Agha Mahdi Husain suggests that Muhammad's experiment in credit currency may have been driven by the necessity of providing an adequate substitute for the much-needed silver. Ferishta, on the other hand, believes that Muhammad was inspired by the Chinese custom of using paper money.
In 1260, Kublai Khan, the Mongol emperor of China, revolutionized the monetary system by introducing a paper currency called Chao. Marco Polo, a Venetian merchant and explorer, documented that to create this currency, Kublai Khan ordered people to collect the bark of the mulberry tree and extract the thin rind between the bark and the interior wood. From this material, cards were formed, resembling paper, in black color. These cards were then cut into various sizes and printed with their respective values.
Each piece of paper was issued with great solemnity and authority, as if it were pure gold or silver. Every official responsible for the task had to write their name and put their seal on each note. Once this was done, the chief officer would apply vermilion to the seal and impress it upon the paper. This would leave a red stamp of the seal on the note, ensuring its authenticity.
By imperial edict, Kublai Khan declared his paper currency to be accepted as money throughout his vast dominions. The punishment for forging this currency was severe. The Khan's authority was so great that no one dared to refuse it under the threat of punishment.
In addition, merchants arriving from India or other countries with precious commodities such as gold, silver, gems, or pearls are prohibited from selling to anyone other than the emperor. The emperor had a team of twelve experts who appraised these items, and he pays a generous price for them in the form of paper currency. With this currency, the merchants could buy whatever they needed anywhere in the Empire.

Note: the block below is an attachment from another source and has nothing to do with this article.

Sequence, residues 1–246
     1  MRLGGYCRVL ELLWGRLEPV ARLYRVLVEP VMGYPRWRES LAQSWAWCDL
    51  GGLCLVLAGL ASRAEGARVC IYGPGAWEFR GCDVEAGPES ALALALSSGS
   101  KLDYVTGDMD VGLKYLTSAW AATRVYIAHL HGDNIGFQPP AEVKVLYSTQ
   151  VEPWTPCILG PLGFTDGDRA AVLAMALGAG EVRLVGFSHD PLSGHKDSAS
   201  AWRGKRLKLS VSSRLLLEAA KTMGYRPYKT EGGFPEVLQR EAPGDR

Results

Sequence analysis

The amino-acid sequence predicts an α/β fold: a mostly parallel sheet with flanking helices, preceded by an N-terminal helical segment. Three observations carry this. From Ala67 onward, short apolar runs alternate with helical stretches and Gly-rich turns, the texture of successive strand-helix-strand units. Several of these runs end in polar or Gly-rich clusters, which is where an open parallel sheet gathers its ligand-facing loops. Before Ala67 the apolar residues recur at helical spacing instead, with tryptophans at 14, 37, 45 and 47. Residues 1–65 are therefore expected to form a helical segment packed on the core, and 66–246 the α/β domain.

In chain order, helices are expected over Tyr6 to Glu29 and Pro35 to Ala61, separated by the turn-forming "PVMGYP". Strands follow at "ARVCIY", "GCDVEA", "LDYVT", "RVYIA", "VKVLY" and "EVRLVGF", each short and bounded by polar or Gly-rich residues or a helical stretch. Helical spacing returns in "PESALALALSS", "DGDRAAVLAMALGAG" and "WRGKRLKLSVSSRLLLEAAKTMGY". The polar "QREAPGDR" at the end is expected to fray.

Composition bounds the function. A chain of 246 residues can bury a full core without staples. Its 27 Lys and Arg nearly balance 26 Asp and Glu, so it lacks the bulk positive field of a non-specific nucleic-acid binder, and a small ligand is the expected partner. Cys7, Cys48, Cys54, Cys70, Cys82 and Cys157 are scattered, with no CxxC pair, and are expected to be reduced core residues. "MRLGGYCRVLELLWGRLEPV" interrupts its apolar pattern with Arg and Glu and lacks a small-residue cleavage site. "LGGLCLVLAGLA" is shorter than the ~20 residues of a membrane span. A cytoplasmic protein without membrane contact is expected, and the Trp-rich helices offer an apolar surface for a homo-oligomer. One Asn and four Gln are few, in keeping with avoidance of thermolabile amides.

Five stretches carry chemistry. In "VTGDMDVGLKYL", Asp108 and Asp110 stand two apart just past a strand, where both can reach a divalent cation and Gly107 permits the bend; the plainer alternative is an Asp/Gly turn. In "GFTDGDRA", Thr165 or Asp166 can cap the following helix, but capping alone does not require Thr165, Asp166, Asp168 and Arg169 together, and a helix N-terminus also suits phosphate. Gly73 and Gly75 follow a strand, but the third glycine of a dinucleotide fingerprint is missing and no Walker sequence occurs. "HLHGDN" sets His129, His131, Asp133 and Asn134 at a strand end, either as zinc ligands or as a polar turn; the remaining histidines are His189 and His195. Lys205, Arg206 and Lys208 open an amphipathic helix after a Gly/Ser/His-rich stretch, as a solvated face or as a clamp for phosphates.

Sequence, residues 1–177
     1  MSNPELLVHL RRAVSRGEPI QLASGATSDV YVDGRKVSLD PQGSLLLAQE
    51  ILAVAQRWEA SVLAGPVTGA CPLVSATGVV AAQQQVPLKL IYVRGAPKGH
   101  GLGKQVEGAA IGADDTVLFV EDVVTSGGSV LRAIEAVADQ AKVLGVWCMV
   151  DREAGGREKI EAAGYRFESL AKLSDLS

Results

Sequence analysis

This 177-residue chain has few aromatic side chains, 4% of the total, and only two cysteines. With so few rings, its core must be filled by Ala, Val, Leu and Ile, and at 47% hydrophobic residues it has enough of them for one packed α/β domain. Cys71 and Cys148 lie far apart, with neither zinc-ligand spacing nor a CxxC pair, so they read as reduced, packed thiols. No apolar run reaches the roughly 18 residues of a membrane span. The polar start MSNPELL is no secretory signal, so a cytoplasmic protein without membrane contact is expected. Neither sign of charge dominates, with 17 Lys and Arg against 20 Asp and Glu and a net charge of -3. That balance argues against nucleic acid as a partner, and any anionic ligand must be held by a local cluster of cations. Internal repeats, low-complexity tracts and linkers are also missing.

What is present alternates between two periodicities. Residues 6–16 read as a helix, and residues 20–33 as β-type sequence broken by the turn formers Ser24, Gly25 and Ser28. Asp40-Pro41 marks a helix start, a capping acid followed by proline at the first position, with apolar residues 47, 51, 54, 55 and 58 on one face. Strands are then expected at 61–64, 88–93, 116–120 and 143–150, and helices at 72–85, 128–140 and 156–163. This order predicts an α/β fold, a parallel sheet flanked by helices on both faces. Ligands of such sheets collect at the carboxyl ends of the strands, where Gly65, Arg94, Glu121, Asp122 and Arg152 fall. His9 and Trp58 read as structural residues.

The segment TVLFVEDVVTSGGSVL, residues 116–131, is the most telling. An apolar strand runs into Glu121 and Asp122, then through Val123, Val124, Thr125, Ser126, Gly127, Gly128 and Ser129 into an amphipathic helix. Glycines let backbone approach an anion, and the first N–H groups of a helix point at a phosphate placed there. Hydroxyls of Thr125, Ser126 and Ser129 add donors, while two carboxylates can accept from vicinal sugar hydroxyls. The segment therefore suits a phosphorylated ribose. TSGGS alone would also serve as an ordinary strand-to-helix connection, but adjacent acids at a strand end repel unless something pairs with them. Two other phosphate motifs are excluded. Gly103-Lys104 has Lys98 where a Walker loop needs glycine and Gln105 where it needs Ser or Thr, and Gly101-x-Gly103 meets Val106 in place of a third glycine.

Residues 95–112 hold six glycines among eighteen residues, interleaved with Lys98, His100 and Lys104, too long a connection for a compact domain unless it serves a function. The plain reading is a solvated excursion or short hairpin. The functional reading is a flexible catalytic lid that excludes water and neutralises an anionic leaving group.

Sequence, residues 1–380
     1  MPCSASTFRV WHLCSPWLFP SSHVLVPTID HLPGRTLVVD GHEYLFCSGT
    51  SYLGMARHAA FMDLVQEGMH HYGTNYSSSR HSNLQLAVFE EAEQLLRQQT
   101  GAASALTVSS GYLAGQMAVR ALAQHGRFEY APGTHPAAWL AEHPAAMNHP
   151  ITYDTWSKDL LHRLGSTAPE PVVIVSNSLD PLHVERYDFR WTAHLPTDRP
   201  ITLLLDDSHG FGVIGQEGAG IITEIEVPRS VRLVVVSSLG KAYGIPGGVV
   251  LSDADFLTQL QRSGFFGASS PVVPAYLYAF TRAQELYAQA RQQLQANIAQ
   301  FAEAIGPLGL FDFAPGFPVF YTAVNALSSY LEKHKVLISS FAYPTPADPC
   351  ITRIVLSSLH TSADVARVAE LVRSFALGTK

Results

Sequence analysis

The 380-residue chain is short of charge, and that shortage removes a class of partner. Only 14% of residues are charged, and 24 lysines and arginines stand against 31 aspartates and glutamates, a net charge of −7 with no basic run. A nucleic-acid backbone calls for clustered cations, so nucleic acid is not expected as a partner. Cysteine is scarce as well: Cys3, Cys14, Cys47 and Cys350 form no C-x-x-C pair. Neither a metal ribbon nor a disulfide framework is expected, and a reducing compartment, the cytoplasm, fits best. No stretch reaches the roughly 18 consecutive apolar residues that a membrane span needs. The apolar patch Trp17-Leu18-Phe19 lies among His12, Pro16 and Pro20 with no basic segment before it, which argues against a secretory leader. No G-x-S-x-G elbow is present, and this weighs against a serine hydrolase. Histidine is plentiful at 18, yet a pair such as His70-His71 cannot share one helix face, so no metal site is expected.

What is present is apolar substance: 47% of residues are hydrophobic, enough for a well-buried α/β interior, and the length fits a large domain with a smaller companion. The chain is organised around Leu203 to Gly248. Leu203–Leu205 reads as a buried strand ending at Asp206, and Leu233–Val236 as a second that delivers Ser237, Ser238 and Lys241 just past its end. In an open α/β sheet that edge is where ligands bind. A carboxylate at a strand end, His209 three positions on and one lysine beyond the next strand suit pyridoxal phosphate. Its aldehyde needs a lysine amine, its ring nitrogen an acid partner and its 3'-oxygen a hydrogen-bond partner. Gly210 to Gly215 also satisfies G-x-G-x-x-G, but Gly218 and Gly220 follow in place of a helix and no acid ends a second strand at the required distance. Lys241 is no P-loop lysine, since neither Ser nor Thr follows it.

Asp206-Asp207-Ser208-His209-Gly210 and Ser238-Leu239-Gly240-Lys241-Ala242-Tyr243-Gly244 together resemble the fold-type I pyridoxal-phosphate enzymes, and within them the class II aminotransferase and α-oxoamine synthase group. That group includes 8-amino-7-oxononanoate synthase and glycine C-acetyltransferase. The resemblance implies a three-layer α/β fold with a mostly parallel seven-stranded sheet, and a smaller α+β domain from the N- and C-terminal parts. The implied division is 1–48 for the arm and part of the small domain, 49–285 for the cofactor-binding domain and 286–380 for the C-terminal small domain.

Several times a year, the Khan would make a proclamation, inviting anyone with gold, silver, gems, or pearls to bring them to the mint for a handsome price. The owners were delighted to do so because they knew they would receive the best possible price. In this way, nearly all the valuables in the country came into the Khan's possession.
If any of the paper currency became damaged, the owner could exchange it for fresh notes at the mint, with a small deduction of 3 percent.
Interestingly, similar notes were issued by the Chinese as early as the ninth century, while the Italians used money made of stamped leather before Marco Polo's time. Even the Japanese had their own version of paper money before Kublai Khan's reign.
In 1294, Gaykhatu, the ruler of Persia (r: 1291-1295), attempted a similar experiment that ultimately failed. Gaykhatu was lavish in his expenditure, which quickly depleted the treasury. Thus he introduced Chao, a form of Chinese paper currency. The notes were rectangular pieces of paper with Chinese writing, followed by the Muhammadan profession of faith in Arabic. The scribe's name and the value of the note were also inscribed, along with a warning that anyone who altered or defaced the note would face severe consequences. Despite these warnings, people refused to accept the Chao, leading to bazaar riots and a halt in economic activity. Eventually, Gaykhatu was forced to abolish the paper currency.
Sultan Muhammad Tughlaq was aware of the failure of paper currency in Persia and chose to use copper instead. However, he failed to implement any measures to prevent fraud and forgery, leaving no means to distinguish the royal mint from private forgeries.
In contrast, when Muhammad attempted the token currency experiment, there were no riots or rebellions. According to numismatic evidence, the token currency only lasted from 1329 to 1332, and people simply forgot about it. When Ibn Battuta visited Delhi in 1334, he heard nothing about the token currency.
"He who obeys the Sultan, truly he obeys the Merciful one (Allah)"